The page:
We decided on a museum day to escape the heat of this record breaking summer, and went to the Florida Museum of Natural History in Gainesville. The Butterfly Rainforest, a major attraction at the museum, became our first stop due to the weather forecast. Located in an outdoor, screened area, the admissions person advised us we may get wet if we delayed. (It did start raining just after we left the butterfly area)
Entering through the double glass doors (to avoid butterflies leaving the enclosure) we immediately found ourselves surrounded by an incredible dense landscape with colorful butterflies of all sizes all around us. We walked along the narrow path, and several large butterflies raced by and around us. Looking in the lush vegetation on either side we saw more butterflies flying, landing, and perched. Looking up at the high screening we saw the outlines of many more.
Like everyone else, we marveled and clicked our cameras and cell phones cameras, and watched. Small birds ran in front of us, and others (finches I think) flew overhead. We stopped and gazed at the small waterfall ending in a pond with Koi fish of various coloration. The butterflies land on people, and for a brief time I seemed very popular as two or three landed on my shorts and stayed. Karl sat for a bit on a bench providing a nice butterfly perch for a beautiful large blue butterfly.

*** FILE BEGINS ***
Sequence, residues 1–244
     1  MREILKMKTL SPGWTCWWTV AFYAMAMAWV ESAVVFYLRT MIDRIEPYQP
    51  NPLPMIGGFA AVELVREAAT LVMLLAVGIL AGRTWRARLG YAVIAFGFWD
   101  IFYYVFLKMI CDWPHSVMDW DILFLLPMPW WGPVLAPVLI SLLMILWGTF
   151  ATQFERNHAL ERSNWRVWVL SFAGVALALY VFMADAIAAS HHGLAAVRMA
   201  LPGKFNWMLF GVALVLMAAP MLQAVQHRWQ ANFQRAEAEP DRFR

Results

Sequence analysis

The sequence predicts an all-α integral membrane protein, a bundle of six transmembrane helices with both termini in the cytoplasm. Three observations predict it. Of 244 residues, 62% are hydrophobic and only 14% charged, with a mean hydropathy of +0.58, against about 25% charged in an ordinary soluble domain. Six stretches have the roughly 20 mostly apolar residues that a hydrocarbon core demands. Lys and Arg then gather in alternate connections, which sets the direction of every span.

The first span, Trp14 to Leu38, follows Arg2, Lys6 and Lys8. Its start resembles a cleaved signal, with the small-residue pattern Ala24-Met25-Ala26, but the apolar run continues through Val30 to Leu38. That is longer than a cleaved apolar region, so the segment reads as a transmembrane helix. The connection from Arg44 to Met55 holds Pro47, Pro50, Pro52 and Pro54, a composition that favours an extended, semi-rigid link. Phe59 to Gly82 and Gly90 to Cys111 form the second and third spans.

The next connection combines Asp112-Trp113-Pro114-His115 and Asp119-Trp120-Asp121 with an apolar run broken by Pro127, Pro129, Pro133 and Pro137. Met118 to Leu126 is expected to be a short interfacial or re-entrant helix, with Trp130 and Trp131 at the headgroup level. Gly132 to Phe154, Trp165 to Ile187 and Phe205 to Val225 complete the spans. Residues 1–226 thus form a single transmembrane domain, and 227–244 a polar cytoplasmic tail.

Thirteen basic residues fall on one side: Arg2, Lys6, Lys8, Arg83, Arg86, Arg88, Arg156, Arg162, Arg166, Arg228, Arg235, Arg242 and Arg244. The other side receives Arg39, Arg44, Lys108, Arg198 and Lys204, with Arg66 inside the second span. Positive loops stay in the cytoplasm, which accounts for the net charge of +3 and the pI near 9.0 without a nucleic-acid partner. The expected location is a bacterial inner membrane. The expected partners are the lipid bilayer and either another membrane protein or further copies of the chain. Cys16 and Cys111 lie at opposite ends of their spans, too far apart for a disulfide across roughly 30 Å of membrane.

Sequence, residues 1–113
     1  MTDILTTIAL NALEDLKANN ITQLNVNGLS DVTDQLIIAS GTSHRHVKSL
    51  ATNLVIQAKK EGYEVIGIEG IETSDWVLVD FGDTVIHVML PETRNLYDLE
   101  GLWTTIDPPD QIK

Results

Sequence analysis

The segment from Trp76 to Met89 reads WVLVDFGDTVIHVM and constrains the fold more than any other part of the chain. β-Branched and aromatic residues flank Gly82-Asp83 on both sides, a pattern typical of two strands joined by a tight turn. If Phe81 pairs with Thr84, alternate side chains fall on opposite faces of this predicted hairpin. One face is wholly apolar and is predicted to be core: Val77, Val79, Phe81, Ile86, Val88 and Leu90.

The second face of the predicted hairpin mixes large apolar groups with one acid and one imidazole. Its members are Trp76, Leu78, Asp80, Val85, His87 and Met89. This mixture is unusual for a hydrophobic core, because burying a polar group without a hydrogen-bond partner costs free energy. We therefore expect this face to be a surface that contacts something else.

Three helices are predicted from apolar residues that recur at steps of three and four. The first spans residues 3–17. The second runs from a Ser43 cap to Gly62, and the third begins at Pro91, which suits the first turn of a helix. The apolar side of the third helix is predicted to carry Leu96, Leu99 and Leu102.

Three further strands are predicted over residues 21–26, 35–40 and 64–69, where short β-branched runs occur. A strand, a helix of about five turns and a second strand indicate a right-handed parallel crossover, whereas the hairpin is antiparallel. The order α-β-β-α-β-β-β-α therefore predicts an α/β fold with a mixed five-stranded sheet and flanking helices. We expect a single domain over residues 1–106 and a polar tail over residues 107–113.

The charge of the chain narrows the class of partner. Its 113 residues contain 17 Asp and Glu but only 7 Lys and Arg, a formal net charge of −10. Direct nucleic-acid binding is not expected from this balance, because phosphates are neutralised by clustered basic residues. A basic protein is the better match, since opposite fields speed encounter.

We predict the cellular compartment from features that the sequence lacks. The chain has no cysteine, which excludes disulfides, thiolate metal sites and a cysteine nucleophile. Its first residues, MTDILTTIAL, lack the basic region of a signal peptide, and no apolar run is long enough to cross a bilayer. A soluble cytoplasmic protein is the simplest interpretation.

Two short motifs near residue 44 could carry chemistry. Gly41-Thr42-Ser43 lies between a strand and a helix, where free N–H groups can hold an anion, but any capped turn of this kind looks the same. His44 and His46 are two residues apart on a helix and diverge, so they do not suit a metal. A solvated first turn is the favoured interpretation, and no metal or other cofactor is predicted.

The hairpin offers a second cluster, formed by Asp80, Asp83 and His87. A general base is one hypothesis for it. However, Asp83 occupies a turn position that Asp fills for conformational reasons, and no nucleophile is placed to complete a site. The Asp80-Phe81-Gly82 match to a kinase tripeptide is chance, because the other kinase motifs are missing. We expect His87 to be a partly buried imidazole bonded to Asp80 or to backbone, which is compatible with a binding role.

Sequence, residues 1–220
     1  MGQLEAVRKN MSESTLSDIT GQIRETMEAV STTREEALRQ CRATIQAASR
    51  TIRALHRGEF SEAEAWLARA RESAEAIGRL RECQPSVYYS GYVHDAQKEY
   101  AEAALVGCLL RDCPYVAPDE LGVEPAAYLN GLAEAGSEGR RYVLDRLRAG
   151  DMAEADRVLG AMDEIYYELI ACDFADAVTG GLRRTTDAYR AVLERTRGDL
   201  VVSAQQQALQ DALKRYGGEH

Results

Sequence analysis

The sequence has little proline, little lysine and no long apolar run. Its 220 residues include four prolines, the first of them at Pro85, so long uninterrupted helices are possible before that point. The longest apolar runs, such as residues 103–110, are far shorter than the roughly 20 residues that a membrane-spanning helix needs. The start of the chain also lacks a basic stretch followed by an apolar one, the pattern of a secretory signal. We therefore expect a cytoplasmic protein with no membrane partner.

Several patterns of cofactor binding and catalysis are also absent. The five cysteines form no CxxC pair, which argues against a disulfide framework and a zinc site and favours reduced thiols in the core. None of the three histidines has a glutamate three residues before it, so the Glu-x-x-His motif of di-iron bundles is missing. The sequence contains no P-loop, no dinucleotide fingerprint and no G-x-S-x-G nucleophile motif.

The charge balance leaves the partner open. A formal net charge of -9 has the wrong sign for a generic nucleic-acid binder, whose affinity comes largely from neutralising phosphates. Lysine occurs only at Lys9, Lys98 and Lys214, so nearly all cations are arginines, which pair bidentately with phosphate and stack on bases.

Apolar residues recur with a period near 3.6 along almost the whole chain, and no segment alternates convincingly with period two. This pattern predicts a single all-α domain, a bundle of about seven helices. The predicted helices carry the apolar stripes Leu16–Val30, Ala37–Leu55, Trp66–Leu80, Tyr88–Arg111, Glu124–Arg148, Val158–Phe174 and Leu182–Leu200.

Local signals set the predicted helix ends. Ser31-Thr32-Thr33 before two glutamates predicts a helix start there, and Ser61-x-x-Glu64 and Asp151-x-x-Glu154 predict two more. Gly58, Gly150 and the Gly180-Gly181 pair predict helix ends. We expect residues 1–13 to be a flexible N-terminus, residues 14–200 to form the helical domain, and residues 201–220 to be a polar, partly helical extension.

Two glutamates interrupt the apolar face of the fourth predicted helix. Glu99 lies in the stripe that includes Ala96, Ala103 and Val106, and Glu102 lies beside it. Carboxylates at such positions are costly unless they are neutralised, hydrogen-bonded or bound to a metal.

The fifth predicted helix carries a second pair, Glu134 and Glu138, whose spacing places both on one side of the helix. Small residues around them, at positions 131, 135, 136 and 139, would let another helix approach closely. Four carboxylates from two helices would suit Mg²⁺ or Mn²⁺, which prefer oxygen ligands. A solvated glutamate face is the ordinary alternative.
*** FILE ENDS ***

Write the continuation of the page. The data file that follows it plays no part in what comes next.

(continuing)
Leaving the butterfly area we walked down the hallway with information on butterflies, conservation efforts, and large windows looking in on working labs. Interpretive signs described the purpose of each area, and in a couple of them we watched as people worked.
There is much more to the museum. Wonderful exhibits with dinosaur skeletons found in Florida, and entire section of the native peoples of Florida and their lives before the Europeans arrived, and much more. We spent a few hours exploring the various exhibits and then exited back into the heat and promised rain.
1 thought on “Butterfly Rainforest – Florida Museum”
Dragonflies are always a fascinating sight. The variety of life is endless 🙂